Light particles lined up one after the other
In Leiden, light particles march into Wolfgang Löffler’s experiments one by one. His research focuses on acquiring the fundamental knowledge needed to develop quantum computers and networks.
His hands move as he talks, like a conductor counting the beat: “One by one, in an orderly line. Here in the lab we create single light particles.” Wolfgang Löffler has just finished giving a lecture, but before we crack on with the interview, he cheerfully starts to answer a new round of questions via Skype. Why would you actually want single light particles, photons? And why is a laser not good enough? “Good question,” replies Löffler to each question with equal enthusiasm.
Löffler is an assistant professor in Leiden, where he researches quantum optics – the interaction between light and matter (for example, the interaction between light particles and quantum dots, the bits of a quantum computer). It is fundamental research, but focuses in particular on the development of the quantum computer. Löffler also coordinates a major European project, Qluster, which is attempting to align several light particles and produce quantum entanglement. “It’s technically very complicated, but if we pull it off, that would be a huge step forward.”
Löffler also enjoys collaborating with his colleagues in Delft and Amsterdam: “Our research is complementary.” He mentions the Quantum Software Consortium, a major research programme that develops and tests algorithms for quantum computers and quantum networks: “The discussion we have there, between theorists and experimentalists, are incredibly useful. We ask each other good questions. About obstacles, safety, benefits and so on.” Mathematicians also participate in the consortium: “I’m so happy about that; they can do slightly different things than we can.”
Single photon sources
Back to his own lab. There he likes to work with individual photons, because his research is very precise work. Löffler: “In an experiment, we often want to know whether a single photon has been absorbed or not.” You can’t really do that with a laser, he explains. Regardless of how thin you make it, you can’t accurately count the photons in a laser pulse. So after the experiment, it is impossible to say whether photon has disappeared. Löffler: “However, if you send those light particles into the experiment one by one, as we do, then either one particle comes out again, or none at all. Then you know for sure.”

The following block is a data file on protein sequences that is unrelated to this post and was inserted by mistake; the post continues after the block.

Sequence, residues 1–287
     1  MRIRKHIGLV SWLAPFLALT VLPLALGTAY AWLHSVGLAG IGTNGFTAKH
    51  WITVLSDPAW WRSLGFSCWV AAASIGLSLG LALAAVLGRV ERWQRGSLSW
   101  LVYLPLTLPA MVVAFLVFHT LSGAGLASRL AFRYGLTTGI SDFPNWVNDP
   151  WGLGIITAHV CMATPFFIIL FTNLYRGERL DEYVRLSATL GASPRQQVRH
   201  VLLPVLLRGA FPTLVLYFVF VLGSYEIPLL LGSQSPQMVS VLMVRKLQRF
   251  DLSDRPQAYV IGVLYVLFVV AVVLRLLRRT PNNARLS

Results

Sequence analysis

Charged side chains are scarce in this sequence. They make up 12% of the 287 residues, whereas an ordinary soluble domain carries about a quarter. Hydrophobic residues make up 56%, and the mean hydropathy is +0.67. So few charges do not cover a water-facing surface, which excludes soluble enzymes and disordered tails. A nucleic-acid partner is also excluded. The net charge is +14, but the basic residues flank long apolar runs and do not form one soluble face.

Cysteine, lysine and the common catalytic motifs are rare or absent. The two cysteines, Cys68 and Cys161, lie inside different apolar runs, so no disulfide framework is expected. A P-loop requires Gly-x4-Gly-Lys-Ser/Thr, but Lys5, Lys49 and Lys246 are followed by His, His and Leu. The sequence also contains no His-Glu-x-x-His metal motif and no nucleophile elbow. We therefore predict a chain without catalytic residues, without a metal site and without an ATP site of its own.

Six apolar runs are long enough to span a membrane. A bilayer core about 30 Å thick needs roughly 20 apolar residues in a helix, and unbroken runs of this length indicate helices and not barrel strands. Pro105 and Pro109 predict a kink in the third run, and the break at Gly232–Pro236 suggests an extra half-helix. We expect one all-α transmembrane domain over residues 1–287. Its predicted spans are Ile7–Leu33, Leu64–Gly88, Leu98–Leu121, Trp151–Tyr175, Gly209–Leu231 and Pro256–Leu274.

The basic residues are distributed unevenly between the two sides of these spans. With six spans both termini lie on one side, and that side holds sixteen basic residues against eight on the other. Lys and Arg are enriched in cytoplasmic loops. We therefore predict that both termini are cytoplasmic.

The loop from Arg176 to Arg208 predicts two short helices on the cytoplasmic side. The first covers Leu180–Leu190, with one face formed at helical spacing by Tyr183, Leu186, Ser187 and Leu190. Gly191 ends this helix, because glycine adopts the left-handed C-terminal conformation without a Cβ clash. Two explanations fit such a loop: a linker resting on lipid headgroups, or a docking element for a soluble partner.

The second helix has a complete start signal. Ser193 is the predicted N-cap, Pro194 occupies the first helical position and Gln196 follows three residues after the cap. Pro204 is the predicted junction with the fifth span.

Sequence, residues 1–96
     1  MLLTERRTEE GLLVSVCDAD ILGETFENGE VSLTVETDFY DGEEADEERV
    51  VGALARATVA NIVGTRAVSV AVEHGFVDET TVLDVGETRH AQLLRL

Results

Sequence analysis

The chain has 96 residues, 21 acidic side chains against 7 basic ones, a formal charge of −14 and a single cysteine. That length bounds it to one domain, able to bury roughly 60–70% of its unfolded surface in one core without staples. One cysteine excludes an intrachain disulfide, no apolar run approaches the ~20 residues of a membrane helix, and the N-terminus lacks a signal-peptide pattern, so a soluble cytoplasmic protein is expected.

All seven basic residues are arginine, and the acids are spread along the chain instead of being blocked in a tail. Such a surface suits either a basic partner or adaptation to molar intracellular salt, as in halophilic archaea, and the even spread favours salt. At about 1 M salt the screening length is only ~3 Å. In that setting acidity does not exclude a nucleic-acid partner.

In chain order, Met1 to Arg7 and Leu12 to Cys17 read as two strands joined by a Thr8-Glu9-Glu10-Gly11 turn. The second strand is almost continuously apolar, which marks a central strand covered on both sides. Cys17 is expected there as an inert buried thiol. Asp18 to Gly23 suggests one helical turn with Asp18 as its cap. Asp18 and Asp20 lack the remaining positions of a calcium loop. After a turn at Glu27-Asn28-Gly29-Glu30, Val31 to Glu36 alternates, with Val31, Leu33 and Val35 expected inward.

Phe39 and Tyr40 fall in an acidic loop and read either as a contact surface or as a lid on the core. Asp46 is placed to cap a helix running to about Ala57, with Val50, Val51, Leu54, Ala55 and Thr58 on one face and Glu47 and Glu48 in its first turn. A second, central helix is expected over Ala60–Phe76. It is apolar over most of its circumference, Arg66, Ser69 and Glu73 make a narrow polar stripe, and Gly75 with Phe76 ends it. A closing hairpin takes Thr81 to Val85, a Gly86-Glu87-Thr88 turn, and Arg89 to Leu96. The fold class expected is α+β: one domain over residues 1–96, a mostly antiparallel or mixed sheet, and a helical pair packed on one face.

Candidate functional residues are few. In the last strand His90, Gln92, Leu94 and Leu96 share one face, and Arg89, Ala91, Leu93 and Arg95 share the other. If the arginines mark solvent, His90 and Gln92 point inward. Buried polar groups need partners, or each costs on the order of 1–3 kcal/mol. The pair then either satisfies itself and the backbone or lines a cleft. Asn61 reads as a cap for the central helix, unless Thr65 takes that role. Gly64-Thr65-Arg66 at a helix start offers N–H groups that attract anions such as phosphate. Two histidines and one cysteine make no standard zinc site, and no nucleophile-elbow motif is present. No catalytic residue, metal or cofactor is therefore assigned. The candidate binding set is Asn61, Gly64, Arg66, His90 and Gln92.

Löffler’s doctoral research in Karlsruhe also involved creating single photons. “In those days that was a laborious process. By the time I finished my PhD I’d had enough of that.” However, technology came on in leaps and bounds in the years that followed and he started to get the itch again. “It became much easier to do, and you can do a lot of great things with it. So I decided to start working with single-photon sources again.” So is he mainly interested in the technological development of these quantum light sources, or in the things you can do with and learn from single photons? “You can’t separate the two. In physics, fundamental questions always lead to new technology, and new technology to new questions.”
Löffler studied and received his PhD in Karlsruhe, where he also did a post-doc. In 2009 he moved to Leiden, where he still lives today. “No other place in Europe has such good quantum optics facilities and is so close to the sea,” explains Löffler. He loves surfing, he confesses. But it wasn’t just the sea that lured him here; the university’s reputation was also a major factor. Löffler mentions the work of Han Woerdman, who in 1992 demonstrated that you could twist a light wave “A milestone in my field. He died this year, he was a true great.”